But Beliefs Become Barriers
If we want to understand how we err, we need to look at how we believe. Kathryn Schulz
In order to change your mind, you have to change from believing you were wrong to believing you are right. Or from believing you are right to believing you were wrong. The hard part for humans is changing what you believe. Today we need to look at how we believe, in order to help us decide how to change our minds.
We are not the rational decision making animals we would like to believe we are; we are more likely the rationalizing animal. People prefer to justify mistaken beliefs rather than change the beliefs. This is now a major problem in American political discourse today.
But it isn’t only a problem in politics. The Oxford Dictionaries website chose “post-truth” as the word of the year 2016. It defined post-truth as, relating to or denoting circumstances in which objective facts are less influential in shaping public opinion than appeals to emotion and personal belief. In the post-truth era borders blur between truth and lies, honesty and dishonesty, fiction and non-fiction. Deceiving others becomes a habit. A recent think piece in Huffington Post labeled “Post-Truth Nation” stated this idea succinctly: the greatest problem of our future is not political; it is not economic; it is not even rational. It’s the battle of fact versus fiction.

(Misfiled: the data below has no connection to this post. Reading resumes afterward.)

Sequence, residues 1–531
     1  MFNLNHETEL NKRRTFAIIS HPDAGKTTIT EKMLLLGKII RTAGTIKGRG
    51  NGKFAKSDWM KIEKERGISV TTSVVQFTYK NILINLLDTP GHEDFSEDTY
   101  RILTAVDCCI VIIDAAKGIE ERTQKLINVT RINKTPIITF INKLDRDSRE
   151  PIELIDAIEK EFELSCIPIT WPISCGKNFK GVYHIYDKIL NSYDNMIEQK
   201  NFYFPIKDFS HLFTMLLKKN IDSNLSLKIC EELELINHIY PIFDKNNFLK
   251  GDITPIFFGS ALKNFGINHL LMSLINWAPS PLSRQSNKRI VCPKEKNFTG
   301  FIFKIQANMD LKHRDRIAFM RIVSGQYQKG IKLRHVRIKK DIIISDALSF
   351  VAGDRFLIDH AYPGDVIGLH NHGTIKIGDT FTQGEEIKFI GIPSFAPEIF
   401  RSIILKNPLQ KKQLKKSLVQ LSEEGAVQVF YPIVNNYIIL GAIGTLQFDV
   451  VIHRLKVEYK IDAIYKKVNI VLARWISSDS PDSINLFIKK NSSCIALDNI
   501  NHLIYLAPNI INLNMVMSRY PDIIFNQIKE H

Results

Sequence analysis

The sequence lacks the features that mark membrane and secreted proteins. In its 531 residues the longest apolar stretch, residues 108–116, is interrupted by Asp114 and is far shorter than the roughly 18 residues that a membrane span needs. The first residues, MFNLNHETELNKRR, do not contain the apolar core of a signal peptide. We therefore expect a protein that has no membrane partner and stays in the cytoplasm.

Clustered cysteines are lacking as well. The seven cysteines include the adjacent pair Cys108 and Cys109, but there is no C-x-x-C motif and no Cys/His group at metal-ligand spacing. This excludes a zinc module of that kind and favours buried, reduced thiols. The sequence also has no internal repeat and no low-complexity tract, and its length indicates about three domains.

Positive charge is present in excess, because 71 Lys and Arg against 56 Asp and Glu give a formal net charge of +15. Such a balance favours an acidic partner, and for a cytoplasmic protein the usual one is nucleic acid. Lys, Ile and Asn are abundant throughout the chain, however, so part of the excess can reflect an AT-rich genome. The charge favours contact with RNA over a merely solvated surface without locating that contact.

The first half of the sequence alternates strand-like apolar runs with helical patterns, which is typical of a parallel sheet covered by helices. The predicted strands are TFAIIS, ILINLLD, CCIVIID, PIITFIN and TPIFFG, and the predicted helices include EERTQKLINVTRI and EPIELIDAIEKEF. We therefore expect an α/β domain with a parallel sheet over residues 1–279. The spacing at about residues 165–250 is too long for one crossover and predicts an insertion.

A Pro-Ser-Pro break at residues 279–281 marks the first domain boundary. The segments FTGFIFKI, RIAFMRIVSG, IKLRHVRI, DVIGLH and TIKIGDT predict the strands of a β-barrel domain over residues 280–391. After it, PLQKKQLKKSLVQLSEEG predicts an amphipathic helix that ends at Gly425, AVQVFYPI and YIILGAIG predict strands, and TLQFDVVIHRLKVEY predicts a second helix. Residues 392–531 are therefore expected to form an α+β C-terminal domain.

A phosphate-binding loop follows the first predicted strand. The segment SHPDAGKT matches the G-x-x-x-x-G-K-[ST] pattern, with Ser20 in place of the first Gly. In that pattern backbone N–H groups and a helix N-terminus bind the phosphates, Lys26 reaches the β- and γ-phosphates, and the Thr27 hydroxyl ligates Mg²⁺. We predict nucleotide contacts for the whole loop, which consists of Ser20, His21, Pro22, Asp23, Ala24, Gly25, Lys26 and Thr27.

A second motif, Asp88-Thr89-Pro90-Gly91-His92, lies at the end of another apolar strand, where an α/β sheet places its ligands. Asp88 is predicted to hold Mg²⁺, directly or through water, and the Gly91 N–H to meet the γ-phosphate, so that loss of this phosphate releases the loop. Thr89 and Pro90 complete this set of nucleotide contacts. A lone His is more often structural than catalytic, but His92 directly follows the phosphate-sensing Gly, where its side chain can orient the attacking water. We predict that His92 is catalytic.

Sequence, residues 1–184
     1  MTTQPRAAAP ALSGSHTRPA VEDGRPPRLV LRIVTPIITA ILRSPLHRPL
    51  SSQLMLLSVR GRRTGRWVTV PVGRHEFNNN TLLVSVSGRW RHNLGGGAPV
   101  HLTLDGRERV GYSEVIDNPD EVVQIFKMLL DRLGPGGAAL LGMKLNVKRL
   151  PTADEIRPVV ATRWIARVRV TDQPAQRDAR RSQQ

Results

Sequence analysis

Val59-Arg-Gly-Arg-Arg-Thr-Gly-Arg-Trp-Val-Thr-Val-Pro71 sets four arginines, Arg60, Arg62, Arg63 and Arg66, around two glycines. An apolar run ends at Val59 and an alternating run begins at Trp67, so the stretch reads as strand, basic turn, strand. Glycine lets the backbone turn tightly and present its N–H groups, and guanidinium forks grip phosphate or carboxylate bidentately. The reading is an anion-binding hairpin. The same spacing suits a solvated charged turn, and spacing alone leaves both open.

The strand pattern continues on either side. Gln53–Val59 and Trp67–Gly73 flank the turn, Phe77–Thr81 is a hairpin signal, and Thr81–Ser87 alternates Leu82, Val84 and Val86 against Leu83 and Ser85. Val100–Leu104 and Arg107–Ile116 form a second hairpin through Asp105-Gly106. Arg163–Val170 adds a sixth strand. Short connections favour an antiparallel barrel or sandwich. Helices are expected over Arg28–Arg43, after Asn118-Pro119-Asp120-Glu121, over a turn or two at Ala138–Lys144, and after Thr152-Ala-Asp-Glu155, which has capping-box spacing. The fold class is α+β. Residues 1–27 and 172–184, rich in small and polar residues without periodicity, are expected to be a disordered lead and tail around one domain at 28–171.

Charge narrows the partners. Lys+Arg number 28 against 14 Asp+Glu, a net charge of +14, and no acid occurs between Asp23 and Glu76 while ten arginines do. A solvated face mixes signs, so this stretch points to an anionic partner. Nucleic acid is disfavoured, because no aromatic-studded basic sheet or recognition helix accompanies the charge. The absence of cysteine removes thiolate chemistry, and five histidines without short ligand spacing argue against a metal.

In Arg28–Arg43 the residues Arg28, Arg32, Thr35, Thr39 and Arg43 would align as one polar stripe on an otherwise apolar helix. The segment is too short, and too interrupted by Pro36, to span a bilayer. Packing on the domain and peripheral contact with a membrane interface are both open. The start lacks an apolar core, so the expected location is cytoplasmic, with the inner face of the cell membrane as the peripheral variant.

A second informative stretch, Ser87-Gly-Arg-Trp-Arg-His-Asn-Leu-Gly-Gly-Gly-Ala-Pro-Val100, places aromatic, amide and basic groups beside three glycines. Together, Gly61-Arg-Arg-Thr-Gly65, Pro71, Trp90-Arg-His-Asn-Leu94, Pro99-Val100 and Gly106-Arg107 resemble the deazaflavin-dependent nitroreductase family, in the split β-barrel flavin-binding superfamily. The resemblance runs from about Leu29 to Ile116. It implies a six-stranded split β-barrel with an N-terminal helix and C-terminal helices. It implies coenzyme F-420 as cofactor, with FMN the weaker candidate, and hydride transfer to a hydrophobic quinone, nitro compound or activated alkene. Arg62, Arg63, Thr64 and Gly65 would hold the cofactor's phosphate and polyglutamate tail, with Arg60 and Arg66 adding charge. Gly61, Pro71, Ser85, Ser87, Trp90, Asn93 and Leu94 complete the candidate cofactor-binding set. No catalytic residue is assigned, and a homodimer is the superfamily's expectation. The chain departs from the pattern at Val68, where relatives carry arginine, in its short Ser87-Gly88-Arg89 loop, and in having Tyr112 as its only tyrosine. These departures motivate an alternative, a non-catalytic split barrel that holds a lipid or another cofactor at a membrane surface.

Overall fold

The cause of not being able to identify fact vs. fiction, or the unwillingness to acknowledge when we were wrong, is the well-known and well-accepted confirmation bias, sometimes called “myside bias” (H. Mercier & D. Sperber). Confirmation bias is defined as: When we notice and remember information that confirms what we believe, and ignore, forget or minimize information that disconfirms what we believe. This is why sometimes people adopt misinformation instead of information. If reason is designed to sound judgements, confirmation bias is a deterrent to reason. Changing one’s mind seems like a crime, because it usually requires a change in beliefs. And because of the rationalizing human (to devise self-satisfying but incorrect reasons for one’s behavior) this is one reason humans don’t change their minds or behavior.
And because it is so easy to get fact and fiction, information and misinformation on social media, it is so hard to distinguish. Changing your mind isn’t a crime, but it is very hard to do nowadays. The “crime” occurs when we Ignore or deny being wrong. This is called “error blindness” — whatever falsehoods each of us currently believes are necessarily invisible to us, (Kathryn Schulz.) One’s false beliefs, that is one’s errors of judgement, need to be invisible in order for one to remain comfortable and confident.
When we are wrong, we need to understand how we are wrong; we have to understand where our beliefs came from and how they affect what we “know”. False knowledge is usually the result of error blindness, which is usually the result of confirmation bias.
Faced with the choice between changing one’s mind and proving there is no need to do so, almost everyone gets busy on the proof. John Galbraith